Ms. Robinson spoke about how The Nature Conservancy has been working jointly with the Placencia Fishermen Cooperative in Belize in order to conduct pilot tests on mariculture farms. While many options are being currently explored, the most promising result so far has been growing red seaweed with the Latin name Euchemia isiforme.
See also: Belize Is An Angler’s Paradise
Growing seaweed is beneficial for a number of reasons. For one, the harvesting process is not dissimilar from fishing. Many of Belize’s local fishermen already include seaweed harvesting as a byproduct of fishing for queen conch and spiny lobster that like to cluster where seaweed grows. The collected seaweed is already being sold in local markets. Seaweed is used in Belize as a food item (including in the popular seaweed “shakes” drinks) but the challenge is to find additional uses for the seaweed such as a cooking thickener (similar to starch) or as an ingredient in soap making.
Growing seaweed has a number of benefits for the marine environment, including the restoration of nitrogen and phosphorous levels in the water. The seaweed also serves as a preferred habitat for the valuable queen conch and spiny lobster.
“We welcome this exciting development,” said Larry France, marketing manager of Chabil Mar. “We believe this is a really special opportunity to diversify income opportunities for traditional fishing communities while also helping to preserve fishing stocks, something that will benefit both tourists and locals alike.”
Local demand for red seaweed is high and expected to grow. Beyond the local economy, global demand for seaweed is increasing at about 10% per year, potentially opening lucrative and sustainable jobs for Belizean fishermen. The challenge moving forward will be to scale up production of the seaweed and to better develop overseas markets.
The popular low-cost carrier WestJet has announced that they will be offering non-stop service from Toronto Pearson International Airport to the Philip Goldson International Airport in Belize City beginning October 29, 2016. The announcement marks the first time that Canada will enjoy non-stop service to the popular vacation destination in Central America. The new WestJet flights will be offered twice a week departing at 9:15 AM and arriving in Belize City at 11:59 AM. Introductory fares are set to start as low as $267 CAD one-way from Toronto to Belize.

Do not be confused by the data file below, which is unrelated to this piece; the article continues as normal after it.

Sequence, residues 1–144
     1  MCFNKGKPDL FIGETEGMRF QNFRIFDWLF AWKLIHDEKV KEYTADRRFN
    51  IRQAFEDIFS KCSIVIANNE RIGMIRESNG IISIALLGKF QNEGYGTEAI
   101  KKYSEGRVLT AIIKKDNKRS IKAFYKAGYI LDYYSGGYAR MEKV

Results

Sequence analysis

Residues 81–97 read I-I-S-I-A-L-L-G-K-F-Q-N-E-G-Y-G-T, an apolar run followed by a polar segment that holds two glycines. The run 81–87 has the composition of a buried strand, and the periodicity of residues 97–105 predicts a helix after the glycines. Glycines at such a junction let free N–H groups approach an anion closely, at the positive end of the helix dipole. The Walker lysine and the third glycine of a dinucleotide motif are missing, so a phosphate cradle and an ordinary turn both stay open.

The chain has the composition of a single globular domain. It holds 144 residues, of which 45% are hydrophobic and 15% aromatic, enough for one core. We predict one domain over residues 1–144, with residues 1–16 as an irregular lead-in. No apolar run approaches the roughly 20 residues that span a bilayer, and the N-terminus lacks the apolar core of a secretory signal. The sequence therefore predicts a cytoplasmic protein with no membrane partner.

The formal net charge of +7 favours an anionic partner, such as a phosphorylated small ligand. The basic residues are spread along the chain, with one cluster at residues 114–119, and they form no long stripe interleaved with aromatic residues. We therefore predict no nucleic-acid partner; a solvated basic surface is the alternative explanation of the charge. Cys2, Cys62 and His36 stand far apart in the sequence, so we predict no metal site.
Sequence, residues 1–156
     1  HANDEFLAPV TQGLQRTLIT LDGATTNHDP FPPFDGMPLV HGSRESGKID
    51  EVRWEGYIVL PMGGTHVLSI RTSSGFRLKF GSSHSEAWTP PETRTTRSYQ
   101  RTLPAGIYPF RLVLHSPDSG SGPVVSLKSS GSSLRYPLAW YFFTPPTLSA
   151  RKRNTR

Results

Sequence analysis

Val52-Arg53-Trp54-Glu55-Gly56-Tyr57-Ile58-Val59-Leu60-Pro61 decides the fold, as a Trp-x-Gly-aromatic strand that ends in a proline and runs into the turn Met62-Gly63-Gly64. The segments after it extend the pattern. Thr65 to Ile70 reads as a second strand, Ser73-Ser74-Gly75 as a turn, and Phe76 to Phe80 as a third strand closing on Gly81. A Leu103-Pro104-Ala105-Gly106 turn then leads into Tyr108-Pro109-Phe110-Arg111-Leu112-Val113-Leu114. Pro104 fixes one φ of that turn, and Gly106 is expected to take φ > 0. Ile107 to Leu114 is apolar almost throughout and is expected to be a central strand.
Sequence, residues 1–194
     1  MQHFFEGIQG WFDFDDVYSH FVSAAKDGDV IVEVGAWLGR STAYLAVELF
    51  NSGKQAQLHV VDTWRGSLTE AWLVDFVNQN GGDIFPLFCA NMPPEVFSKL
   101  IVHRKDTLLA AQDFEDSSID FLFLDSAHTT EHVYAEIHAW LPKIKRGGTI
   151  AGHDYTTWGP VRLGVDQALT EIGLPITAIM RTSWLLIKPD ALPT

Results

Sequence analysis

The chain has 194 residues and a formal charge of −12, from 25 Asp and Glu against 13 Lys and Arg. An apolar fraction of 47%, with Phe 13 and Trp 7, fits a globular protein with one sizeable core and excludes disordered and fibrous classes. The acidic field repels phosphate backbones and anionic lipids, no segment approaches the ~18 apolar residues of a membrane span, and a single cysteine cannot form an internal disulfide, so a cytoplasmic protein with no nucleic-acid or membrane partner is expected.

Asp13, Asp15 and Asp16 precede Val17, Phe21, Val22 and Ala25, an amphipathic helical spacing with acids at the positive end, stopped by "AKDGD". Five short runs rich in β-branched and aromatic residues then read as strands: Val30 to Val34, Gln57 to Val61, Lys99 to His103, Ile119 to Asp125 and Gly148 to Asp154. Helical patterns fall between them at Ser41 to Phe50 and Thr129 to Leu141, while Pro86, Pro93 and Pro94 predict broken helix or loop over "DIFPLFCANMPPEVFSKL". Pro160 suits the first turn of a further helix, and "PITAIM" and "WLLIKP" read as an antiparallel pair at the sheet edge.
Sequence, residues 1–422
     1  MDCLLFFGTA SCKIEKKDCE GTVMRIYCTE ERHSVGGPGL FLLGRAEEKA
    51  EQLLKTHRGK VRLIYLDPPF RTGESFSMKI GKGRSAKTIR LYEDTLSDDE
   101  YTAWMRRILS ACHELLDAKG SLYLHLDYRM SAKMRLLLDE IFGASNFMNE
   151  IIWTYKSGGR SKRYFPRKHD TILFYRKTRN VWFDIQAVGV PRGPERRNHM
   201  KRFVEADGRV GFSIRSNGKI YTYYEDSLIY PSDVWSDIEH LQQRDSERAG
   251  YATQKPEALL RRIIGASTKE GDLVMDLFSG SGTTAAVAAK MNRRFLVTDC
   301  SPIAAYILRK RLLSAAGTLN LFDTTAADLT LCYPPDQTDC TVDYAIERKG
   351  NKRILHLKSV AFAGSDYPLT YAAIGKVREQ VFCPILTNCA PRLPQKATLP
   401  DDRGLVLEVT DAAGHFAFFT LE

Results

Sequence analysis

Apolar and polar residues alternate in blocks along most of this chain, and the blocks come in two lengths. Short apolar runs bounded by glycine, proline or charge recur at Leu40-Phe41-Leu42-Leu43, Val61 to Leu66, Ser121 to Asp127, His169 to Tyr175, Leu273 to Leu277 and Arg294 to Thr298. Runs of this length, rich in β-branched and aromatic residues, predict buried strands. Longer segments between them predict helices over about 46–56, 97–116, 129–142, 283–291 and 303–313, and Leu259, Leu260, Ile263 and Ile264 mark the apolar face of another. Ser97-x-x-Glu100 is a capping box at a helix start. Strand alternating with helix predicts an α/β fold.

The Belize Tourism Board reacted favorably to the WestJet announcement. “Canada is one of the strongest source markets for visitors coming into Belize, so we are thrilled by the announcement of the new non-stop service,” said Karen Bevans, Director of Tourism for Belize. “We warmly welcome this new entry into the increasingly popular market. With more international carriers that add routes into Belize, more opportunities will open up to allow international visitors to experience the charm, beauty, and laid-back friendly vibe that makes Belize so special.”
WestJet’s announcement comes on the back of similar announcements from Southwest about new non-stop service from Denver to Belize City and American about direct service from London (UK) to Belize City beginning next year.
Chabil Mar on the Placencia Peninsula offers guests the chance to experience one of the most beautiful locations in Belize. With well-appointed villas, an infinity pool, a lush tropical garden, and one of the finest restaurants in the country on site, Chabil Mar is an oasis of luxurious tranquility with an unforgettable beachside view of the turquoise waters of the Caribbean Sea.
Just minutes’ away by foot from Placencia Village, Chabil Mar is ideally situated for excursions to the most popular destinations in Belize, including the Maya ruins of Xunantunich, the Cockscomb Basin Nature Reserve, eco-tours up the Monkey River, and the lovely Belize Barrier Reef that is world-renowned for its snorkeling, scuba diving, kayaking, swimming, and fishing opportunities.
The management of Chabil Mar welcomes the recent announcement by WestJet and looks forward to welcoming Canadians to experience the many wonders that Belize has to offer.